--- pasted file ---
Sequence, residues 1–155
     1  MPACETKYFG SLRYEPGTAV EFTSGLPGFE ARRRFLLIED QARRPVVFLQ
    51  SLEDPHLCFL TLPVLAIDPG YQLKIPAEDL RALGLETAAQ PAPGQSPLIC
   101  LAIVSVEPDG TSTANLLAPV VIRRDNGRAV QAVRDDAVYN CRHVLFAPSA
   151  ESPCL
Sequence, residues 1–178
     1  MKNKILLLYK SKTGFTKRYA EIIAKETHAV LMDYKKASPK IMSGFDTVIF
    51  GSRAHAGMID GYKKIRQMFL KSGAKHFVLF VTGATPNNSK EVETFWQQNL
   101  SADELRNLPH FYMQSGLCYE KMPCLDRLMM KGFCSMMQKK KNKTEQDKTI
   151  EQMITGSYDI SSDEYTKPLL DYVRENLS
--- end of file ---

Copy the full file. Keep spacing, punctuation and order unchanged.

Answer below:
Sequence, residues 1–155
     1  MPACETKYFG SLRYEPGTAV EFTSGLPGFE ARRRFLLIED QARRPVVFLQ
    51  SLEDPHLCFL TLPVLAIDPG YQLKIPAEDL RALGLETAAQ PAPGQSPLIC
   101  LAIVSVEPDG TSTANLLAPV VIRRDNGRAV QAVRDDAVYN CRHVLFAPSA
   151  ESPCL
Sequence, residues 1–178
     1  MKNKILLLYK SKTGFTKRYA EIIAKETHAV LMDYKKASPK IMSGFDTVIF
    51  GSRAHAGMID GYKKIRQMFL KSGAKHFVLF VTGATPNNSK EVETFWQQNL
   101  SADELRNLPH FYMQSGLCYE KMPCLDRLMM KGFCSMMQKK KNKTEQDKTI
   151  EQMITGSYDI SSDEYTKPLL DYVRENLS